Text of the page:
If you played Legend of Zelda games as a kid like I did, BBNG’s medely of songs from the classic game Legend of Zelda: Ocarina of Time will hit you with a large dose of nostalgia. Even if you haven’t played the game, this three song medley is extremely impressive. The first song in the medley is a beautiful interpretation of the Ocarina of Time Title Theme by Tavares on solo grand piano.
Tavares switches over to electric keyboard for the second song in the medley, a super smooth interpretation of Saria’s Song. Also, look out for an incredible bass solo from Chester Hansen on the final song in the medley – Song of Storms. I highly suggest checking out the links to the original songs from the video game to get an idea of BBNG’s interpretative skill.
BADBADNOTGOOD released their second album titled BBNG2 in 2012. Their sound on this album is a little more refined and compositional than on their first album, but still includes many great interpretations of hip-hop songs. The album also includes a couple original songs, like the tune UWM featuring tenor saxophone player Leland Whitty:
The music video for this song seems kind of silly, with the band members simply hanging out on the couch and eating cereal, but it is actually quite clever. The presence of each band member on the couch represents the presence of their respective instrument in the music. For example, Leland Whitty sits down on the couch when the saxophone enters in the song, and then he gets up and leaves at the end of his solo. The same principal applies for the rest of the band.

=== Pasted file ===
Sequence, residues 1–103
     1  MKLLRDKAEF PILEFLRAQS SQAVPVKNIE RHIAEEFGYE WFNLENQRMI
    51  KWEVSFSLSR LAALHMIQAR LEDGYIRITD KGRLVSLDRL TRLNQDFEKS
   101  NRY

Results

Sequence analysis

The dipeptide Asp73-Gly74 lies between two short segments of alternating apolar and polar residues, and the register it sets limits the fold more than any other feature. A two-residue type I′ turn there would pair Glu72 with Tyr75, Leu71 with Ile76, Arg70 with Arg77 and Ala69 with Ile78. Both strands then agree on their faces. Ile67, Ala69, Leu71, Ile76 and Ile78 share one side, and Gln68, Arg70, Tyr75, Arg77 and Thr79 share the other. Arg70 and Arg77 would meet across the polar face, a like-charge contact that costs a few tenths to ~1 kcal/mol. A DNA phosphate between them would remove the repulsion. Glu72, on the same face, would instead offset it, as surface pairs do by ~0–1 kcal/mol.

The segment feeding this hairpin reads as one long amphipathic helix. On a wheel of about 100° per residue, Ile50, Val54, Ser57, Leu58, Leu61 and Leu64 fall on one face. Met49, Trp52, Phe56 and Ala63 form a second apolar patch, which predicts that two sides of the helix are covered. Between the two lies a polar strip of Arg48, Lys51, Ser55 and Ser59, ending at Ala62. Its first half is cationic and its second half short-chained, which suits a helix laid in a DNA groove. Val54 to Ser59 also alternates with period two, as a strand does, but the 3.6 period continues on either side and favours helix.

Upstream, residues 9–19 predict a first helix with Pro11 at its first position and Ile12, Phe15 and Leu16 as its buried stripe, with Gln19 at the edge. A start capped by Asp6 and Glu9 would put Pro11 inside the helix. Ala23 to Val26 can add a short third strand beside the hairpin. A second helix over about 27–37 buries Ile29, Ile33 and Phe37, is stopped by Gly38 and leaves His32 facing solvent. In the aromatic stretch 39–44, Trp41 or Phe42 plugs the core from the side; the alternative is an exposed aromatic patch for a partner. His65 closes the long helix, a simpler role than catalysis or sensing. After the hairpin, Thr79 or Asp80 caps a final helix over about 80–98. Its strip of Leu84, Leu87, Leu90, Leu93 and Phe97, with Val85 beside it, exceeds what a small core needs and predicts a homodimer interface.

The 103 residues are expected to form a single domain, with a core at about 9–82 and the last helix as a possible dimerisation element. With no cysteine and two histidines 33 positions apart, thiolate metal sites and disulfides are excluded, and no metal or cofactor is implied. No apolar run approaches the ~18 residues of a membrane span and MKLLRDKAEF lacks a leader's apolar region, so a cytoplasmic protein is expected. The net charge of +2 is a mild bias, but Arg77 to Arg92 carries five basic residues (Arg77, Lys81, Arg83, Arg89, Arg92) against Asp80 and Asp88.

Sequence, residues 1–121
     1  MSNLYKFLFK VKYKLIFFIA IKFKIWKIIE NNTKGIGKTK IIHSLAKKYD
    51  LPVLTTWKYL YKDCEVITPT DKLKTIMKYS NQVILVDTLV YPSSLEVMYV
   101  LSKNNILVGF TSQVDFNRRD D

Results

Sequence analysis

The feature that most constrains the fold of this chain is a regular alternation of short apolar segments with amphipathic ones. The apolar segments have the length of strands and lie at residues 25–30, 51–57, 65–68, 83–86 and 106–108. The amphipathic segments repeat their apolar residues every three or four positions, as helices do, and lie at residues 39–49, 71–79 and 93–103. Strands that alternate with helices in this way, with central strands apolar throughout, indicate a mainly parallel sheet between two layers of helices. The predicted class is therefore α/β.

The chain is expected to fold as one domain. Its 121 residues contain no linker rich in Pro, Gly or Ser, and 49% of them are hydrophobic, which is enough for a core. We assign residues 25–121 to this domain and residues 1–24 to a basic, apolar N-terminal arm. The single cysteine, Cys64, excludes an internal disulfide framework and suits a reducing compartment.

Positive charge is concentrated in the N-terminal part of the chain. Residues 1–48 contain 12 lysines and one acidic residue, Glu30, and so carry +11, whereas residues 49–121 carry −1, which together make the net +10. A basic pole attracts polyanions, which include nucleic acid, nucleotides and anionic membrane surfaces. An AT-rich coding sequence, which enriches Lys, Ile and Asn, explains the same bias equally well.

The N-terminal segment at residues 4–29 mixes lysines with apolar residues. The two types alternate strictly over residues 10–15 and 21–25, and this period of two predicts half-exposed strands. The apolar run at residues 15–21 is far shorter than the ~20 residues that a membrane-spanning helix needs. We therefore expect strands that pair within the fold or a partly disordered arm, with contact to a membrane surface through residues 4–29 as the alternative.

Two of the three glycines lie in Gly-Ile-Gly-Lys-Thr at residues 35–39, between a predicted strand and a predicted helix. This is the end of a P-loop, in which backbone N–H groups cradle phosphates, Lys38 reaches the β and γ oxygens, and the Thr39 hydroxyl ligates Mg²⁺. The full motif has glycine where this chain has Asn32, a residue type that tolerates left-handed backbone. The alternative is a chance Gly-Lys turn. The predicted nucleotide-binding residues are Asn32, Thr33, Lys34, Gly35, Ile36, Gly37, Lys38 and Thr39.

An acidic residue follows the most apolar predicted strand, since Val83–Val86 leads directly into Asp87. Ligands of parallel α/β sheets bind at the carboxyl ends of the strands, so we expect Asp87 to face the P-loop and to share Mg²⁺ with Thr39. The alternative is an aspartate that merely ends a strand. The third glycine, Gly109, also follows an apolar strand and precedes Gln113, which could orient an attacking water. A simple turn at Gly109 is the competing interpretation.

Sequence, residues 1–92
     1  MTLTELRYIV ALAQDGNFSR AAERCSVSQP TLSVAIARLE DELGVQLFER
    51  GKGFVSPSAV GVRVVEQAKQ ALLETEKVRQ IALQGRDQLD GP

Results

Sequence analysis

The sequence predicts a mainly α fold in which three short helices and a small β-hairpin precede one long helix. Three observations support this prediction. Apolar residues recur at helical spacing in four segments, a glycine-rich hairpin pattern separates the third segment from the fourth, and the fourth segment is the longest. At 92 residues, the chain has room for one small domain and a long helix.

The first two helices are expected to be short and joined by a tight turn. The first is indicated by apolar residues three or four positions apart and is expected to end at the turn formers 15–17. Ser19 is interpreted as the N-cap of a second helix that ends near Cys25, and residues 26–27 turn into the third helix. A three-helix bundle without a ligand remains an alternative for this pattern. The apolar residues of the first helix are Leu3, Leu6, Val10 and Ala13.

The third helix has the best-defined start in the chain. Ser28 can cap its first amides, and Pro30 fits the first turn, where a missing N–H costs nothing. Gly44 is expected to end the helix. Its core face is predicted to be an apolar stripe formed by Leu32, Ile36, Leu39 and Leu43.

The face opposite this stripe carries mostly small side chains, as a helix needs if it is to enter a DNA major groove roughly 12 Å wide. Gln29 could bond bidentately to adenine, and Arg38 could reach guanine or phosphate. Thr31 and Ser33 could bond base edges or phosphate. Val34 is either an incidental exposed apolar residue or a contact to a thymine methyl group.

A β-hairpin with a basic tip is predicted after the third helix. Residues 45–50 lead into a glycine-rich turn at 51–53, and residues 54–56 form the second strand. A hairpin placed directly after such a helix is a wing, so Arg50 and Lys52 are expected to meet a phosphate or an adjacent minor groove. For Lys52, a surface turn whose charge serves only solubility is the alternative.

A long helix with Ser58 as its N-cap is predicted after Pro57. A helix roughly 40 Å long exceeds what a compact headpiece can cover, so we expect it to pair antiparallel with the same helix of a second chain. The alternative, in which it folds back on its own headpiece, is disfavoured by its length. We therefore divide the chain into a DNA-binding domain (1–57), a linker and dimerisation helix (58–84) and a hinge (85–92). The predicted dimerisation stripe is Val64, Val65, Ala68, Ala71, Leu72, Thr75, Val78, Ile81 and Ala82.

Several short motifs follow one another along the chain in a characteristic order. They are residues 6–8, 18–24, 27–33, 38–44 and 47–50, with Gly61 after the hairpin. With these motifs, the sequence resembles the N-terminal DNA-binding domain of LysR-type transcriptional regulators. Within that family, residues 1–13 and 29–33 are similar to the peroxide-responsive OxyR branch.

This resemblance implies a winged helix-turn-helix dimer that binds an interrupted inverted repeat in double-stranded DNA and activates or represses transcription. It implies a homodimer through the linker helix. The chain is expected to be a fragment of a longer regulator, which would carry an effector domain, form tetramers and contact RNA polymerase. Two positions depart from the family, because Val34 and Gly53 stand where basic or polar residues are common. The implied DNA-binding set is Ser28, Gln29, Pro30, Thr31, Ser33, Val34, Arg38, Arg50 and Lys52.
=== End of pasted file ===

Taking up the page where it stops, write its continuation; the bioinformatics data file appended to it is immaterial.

BADBADNOTGOOD released their most recent album titled III (or BBNG3) early on in May of 2014. BBNG3 is the group’s first album of entirely original compositions. For some people, BBNG’s departure from the jam oriented hip-hop covers of their nascence is kind of a let down. I disagree. I think it is really great to hear the musical maturation of these guys over such a short time span, and I can always go back and listen to their first album if I am craving that original jam session sound. There are a lot of great tunes on this album, all of which show BBNG’s growing compositional skill. However, I think most people will enjoy the song CS60, mostly due to the dubstep influence. You’ll know what I’m talking about once you hear the drop around 2:09.
Well, there you have it. I think BADBADNOTGOOD is an absolutely fantastic band and frankly I’m quite jealous that they get to tour the world playing the music that they love. However, they deserve all of their success and it does my heart good seeing young jazz musicians not unlike myself living the dream. I plan on seeing them live at the Middle East Downstairs in Cambridge on December 3rd, so maybe I’ll see you there.
If by some chance you’re still reading at this point, here is BBNG’s most recent recording called Velvet, a very smooth original composition that harkens back to their more jazzy and jammy days: